If Resolutions Fade: 6 Timeless Tools to Quit Porn

It’s mid-February and time to check in: How are your New Year’s resolutions going?

If you’re like the majority of the population (about 80-90%), you’ve given up by now, about six weeks in. All those lofty goals have gone out the window and you’re back to your old routine, your old problems, and your old habits.

What does this mean? That you’re a failure? That you’ll never be able to change? And if you’re the spouse of someone who has tried giving up porn this year, does this mean you’re destined to live with an addict forever or that you’re getting a divorce?

This is the good news: making a New Year’s resolution to quit porn isn’t the key to success. If you want to quit porn, here are six tools you can use any time of the year.

timeless tools to quit porn

Involve Jesus.

My husband tried giving up porn numerous times. He tried steely resolve, guilting himself, and entertaining the possible threat of my leaving. None of those were enough to keep him away. It wasn’t until he realized that this process was something Jesus wanted to help him with that he started making progress.

Oftentimes, we think we need to clean up our act and then start (or continue a deeper) relationship with God. But the point of being a Savior is saving people, not requiring them to save themselves. Wherever you are on your journey to giving up porn, ask Jesus into the process. It is when we are weak and when we admit that we can’t do it all ourselves that His strength manifests in us (2 Cor. 12:9, NLT). When we try to go at anything alone, we rob ourselves of the incredibly transformative power of God.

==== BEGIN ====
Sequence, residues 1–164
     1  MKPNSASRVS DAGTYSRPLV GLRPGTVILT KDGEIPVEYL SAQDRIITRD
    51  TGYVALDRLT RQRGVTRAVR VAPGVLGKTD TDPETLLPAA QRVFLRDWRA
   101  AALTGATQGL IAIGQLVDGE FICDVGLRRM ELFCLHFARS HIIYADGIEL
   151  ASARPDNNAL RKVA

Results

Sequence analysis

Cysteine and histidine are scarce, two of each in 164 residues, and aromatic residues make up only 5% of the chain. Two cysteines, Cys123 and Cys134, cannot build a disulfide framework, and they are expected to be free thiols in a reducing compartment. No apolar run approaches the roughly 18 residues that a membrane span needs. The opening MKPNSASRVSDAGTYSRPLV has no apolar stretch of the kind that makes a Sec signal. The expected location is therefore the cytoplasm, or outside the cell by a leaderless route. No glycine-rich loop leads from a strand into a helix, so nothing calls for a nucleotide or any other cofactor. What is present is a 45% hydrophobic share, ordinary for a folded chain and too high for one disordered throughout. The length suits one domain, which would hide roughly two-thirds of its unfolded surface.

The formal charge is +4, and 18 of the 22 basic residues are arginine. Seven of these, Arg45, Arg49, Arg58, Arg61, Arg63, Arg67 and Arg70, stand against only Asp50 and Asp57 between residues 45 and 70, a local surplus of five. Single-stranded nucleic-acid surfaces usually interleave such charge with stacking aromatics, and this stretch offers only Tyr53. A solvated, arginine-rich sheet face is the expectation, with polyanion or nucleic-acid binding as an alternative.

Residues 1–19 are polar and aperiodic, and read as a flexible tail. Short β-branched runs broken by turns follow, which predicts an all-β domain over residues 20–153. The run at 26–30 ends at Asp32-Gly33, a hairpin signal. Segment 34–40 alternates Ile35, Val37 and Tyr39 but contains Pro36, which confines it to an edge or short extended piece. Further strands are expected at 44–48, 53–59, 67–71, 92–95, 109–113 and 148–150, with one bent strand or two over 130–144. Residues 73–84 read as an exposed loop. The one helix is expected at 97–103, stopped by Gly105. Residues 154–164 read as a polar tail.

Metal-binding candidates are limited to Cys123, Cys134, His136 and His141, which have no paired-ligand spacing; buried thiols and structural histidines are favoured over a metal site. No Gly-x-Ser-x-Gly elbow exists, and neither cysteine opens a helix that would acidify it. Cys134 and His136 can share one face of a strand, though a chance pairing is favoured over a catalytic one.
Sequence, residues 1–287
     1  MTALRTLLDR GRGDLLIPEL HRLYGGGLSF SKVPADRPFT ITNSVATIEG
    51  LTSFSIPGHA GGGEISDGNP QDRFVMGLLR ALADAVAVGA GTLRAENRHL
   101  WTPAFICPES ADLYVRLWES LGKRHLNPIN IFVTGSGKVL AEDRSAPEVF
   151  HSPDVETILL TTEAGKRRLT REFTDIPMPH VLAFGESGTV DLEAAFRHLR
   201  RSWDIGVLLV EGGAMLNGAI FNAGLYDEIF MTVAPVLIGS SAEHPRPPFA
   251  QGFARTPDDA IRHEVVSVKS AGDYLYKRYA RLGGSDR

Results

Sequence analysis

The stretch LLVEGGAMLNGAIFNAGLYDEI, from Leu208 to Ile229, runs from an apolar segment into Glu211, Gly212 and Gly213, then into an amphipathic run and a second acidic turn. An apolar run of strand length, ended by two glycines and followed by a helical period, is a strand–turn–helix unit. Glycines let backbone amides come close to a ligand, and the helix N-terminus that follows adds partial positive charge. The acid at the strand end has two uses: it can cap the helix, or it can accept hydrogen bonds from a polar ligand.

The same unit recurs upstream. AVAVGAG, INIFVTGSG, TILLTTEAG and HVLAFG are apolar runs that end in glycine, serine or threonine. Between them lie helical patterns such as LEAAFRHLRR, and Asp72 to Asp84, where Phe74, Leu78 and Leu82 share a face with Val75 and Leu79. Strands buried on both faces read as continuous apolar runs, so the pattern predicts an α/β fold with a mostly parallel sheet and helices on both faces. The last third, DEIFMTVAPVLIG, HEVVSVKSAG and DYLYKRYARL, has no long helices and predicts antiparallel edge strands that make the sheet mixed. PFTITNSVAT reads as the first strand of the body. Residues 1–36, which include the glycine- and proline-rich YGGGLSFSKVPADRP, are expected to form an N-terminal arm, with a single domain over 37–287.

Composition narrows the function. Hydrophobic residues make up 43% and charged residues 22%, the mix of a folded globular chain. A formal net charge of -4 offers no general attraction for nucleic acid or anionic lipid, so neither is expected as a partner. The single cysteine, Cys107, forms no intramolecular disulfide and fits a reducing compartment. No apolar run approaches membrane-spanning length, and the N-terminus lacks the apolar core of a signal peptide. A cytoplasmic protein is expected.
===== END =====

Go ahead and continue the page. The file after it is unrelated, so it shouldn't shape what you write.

Stop overthinking.

The Journal of Nature and Science recently reported their findings on why only 22% of us exercise regularly, even though we know that exercise is crucial for a healthy body and prolonged life. Part of their discovery was this: you have to make a conscious decision to go out and do it. However, this conscious processing “likely activates feelings of threat to personal freedom (‘exercise-or-else’) and the human tendency to follow ‘the law of least effort’ in occasional/non-exercisers.”

I think we can extrapolate these findings on some level to giving up porn. Chances are if you want to give up porn, it’s likely because either you or someone you love believes it is harmful to you or to your relationships. Anytime we feel forced to give something up, we often find it greatly limits our freedom of choice and that can stir in us desires to rebel. In addition, if we are using porn to self-soothe or self-medicate (much like I used to do with food), we become dependent on the quick fix from our addictive substance to bring instantaneous relief. The study reported that:

“In general, the initiation and maintenance of any complex and demanding behavior operates on a continuum of conscious-nonconscious processing such that when starting a new activity program (e.g., exercise), conscious processing dominates behavioral engagement.  But after countless repeats, the nonconscious takes over and behavior becomes habitual, thereby being sustained in the long run.”

In essence, perhaps we can think less about giving up porn and simply do the actions required to avoid it. The more we lament what we are giving up, the more we think about our loss of freedom to choose porn, the more we will engage our conscious process, and the more likely we will not move towards health.